By Cecilia Chow/ EdgeProp Singapore|January 23, 2020 11:37 PM SGT
SINGAPORE (EDGEPROP) – In 4Q2019, the office rental index in the Central Region registered a decrease of 3.2% q-o-q. This rental decline was steeper than the -0.6% q-o-q in 3Q2019, notes Desmond Sim, CBRE head of research for Southeast Asia. This brings the total office rental index to a 3.1% decline for the whole of 2019. “The correction in rents likely reflects some landlords becoming more realistic in their rental expectations to fill the existing vacancy,” says Sim. Meanwhile, rents of offices in the fringe area eased for the second consecutive quarter, but at a moderate 1.6% q-o-q compared to 2.8% q-o-q in 3Q2019.
Office rental index in the Central Region registered a decrease of 3.2% q-o-q in 4Q2019, steeper than the -0.6% q-o-q in 3Q2019 (Photo: Albert Chua/EdgeProp Singapore)
‘Increasingly cautious stance’
These figures show the “increasingly cautious stance” of occupiers in response to uncertainties about business prospects amid the muted domestic economic growth and the unresolved US-China trade war in 4Q2019, notes Tay Huey Ying, JLL head of research and consultancy.
“Many have held off expansion and real estate relocation plans,” adds Tay. “Resistance to rent hike has intensified, with buildings facing higher vacancy pressure increasingly succumbing to downward pressure.”As the URA rental index is transaction-based, the correction in 4Q2019 could also be attributed to the muted leasing activity seen for newer and quality office assets that command premium rents, points out Tay. The limited availability of such space diverted demand to buildings with cheaper rents, thus dragging down the overall rental index, she notes.
Vacancy of Grade-A office space tightens
Gross effective rents based on a fixed basket of Grade-A office buildings in the CBD held firm in 4Q2019 at $10.81 psf, with vacancy tightening to 4.1%, according to JLL’s research. Slowing rent growth since 2Q2019 culminated in full-year rent rising by only 5.4%, significantly slower that the 11.8% increase posted in 2018. Islandwide vacancy of office properties tracked by the URA stood at 10.5% as of end-2019, improving 0.1 ppt from 10.6% in 3Q2019 and 1.5 ppt from 12.0% in 4Q2018.
However, URA statistics show islandwide office net absorption had remained strong at 1.67 million sq ft for the full-year 2019, compared to 1.85 million sq ft in 2018. Colliers International head of research for Singapore, Tricia Song, attributes the healthy net absorption in 2018 and 2019 mainly to technology and flexible workspace sectors.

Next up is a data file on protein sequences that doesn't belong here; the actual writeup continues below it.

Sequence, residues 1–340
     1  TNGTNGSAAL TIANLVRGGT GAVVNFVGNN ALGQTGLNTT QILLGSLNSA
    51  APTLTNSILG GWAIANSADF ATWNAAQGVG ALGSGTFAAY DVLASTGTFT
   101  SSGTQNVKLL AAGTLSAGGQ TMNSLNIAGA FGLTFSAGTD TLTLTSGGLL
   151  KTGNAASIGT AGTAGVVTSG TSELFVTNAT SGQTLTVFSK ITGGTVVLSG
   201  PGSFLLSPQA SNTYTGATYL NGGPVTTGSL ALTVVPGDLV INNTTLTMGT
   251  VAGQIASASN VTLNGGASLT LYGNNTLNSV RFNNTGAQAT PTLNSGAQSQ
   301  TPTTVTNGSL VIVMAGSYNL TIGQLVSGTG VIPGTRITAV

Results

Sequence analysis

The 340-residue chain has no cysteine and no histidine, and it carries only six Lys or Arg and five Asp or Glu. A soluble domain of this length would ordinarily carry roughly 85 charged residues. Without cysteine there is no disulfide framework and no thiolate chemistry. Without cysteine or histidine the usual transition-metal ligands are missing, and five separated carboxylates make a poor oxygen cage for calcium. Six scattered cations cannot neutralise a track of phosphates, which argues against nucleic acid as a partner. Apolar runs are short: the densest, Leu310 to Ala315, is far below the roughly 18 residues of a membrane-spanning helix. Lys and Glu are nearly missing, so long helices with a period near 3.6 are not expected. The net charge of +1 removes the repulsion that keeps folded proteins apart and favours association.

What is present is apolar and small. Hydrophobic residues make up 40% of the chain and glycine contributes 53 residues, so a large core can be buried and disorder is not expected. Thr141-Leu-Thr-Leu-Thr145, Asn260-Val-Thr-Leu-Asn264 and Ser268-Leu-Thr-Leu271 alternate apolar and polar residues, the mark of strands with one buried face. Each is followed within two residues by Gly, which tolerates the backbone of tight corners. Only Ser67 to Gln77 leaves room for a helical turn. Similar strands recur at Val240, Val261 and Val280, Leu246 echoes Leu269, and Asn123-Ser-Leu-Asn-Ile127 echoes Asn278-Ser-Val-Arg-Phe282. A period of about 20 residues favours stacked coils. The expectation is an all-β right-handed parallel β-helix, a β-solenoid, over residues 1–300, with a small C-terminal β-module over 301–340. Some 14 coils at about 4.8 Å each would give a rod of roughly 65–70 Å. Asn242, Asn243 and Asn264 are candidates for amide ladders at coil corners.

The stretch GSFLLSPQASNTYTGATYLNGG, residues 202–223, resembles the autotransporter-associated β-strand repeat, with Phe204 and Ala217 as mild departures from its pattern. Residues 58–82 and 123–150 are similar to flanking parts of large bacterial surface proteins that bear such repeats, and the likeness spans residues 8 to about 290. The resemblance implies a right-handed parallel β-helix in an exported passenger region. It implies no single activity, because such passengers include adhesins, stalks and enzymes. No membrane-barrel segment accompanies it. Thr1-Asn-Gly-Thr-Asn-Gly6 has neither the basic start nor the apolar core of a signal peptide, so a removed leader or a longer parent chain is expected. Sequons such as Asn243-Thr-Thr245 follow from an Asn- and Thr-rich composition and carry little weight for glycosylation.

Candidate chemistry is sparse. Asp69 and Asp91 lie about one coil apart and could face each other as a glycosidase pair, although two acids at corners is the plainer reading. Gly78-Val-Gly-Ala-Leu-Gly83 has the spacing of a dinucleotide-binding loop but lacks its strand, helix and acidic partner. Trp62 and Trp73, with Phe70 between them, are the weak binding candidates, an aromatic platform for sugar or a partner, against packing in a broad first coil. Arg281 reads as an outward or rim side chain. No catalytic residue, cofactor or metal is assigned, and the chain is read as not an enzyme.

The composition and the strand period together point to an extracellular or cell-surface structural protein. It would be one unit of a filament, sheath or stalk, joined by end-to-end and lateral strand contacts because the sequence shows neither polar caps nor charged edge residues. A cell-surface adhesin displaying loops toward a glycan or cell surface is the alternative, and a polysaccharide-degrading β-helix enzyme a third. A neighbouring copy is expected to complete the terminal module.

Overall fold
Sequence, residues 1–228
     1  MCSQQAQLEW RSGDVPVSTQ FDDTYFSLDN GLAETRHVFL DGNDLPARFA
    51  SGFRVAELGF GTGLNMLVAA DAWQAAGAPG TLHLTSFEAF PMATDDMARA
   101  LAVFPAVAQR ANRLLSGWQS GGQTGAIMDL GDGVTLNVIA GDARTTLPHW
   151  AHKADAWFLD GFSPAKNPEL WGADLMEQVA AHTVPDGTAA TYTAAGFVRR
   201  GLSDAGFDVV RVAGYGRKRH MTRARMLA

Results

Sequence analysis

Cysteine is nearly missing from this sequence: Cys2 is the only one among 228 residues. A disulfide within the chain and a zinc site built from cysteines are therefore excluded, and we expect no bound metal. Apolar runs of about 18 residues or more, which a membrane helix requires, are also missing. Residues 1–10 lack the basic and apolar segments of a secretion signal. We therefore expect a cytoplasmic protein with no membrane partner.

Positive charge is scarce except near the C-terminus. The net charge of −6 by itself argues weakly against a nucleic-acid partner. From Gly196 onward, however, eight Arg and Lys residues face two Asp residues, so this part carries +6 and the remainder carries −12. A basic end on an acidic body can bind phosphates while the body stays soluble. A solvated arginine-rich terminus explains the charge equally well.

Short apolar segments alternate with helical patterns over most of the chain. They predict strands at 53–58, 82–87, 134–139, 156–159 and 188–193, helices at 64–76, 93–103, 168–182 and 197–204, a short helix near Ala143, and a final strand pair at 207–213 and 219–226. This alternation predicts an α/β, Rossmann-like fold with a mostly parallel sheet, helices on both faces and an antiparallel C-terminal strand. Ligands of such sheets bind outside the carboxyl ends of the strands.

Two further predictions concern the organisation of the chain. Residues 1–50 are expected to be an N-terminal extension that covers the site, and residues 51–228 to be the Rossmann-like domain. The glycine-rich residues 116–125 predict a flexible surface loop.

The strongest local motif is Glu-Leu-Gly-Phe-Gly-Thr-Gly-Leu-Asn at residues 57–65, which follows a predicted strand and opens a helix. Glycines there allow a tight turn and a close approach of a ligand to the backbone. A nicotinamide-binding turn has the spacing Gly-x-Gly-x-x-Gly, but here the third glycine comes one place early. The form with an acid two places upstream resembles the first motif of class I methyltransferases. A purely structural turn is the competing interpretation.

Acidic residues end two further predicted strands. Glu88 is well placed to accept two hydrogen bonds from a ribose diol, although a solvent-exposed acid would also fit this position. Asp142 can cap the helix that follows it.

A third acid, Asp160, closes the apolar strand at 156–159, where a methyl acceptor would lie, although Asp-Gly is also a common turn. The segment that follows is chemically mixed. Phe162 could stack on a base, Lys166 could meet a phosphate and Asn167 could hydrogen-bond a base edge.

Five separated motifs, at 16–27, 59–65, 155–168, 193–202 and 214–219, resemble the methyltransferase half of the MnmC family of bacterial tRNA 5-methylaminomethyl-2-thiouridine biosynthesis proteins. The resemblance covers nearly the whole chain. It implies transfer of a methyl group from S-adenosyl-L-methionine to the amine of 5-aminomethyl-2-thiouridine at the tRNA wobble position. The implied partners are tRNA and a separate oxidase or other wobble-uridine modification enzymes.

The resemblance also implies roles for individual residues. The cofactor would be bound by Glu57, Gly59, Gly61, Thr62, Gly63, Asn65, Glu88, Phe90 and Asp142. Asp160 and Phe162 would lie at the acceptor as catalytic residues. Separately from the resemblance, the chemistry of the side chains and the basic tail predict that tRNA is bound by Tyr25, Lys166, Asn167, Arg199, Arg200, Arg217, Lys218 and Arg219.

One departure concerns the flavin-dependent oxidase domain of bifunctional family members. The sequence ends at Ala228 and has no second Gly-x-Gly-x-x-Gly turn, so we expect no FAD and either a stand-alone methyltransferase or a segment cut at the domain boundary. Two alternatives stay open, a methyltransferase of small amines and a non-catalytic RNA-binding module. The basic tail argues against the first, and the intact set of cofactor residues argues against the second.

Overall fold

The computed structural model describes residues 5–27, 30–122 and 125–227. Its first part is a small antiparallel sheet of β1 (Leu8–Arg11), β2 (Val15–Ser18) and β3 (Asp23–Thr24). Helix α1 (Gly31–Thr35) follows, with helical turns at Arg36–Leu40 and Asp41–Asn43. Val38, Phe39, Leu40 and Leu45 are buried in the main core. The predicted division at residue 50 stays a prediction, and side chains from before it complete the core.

Last year was a strong year for investment sales in office and mixed office developments, which totalled $7.6 billion, a 62% increase y-o-y with heightened investor interest (Photo: Albert Chua/EdgeProp Singapore)
Price declines more subdued
Compared to rents, price declines were more subdued: URA’s office price index for the Central Region declined by 0.5% q-o-q in 4Q2019, slowing down from the sharp 3.9% decrease in 3Q2019, notes Song. Overall office prices in the Central Region fell 0.6% in 2019, compared with an increase of 5.7% in 2018, says Tricia Song, Colliers International head of research for Singapore. Last year was a strong year for investment sales in office and mixed office developments, which totalled $7.6 billion, a 62% increase y-o-y with heightened investor interest. “We remain optimistic for continuing strong capital market volumes on a favourable interest rate outlook and demand-supply dynamics,” says Song.
Tech to be main demand driver in 2020
In 2020, the demand driver is still likely to be the technology sector, adds Song, while flexible workspace operators could consolidate after building up a significant presence in the past three years. The MAS’ issuance of up to five digital licences in Singapore should also contribute to net absorption, although the impact is still unclear, notes SongColliers expects Grade-A and premium CBD office vacancy to continue to trend below the 10-year historical average of 6% until 2022, given tight CBD Grade-A office supply of 3% of stock per annum over 2020–2021 versus 6% for the last 10 years.
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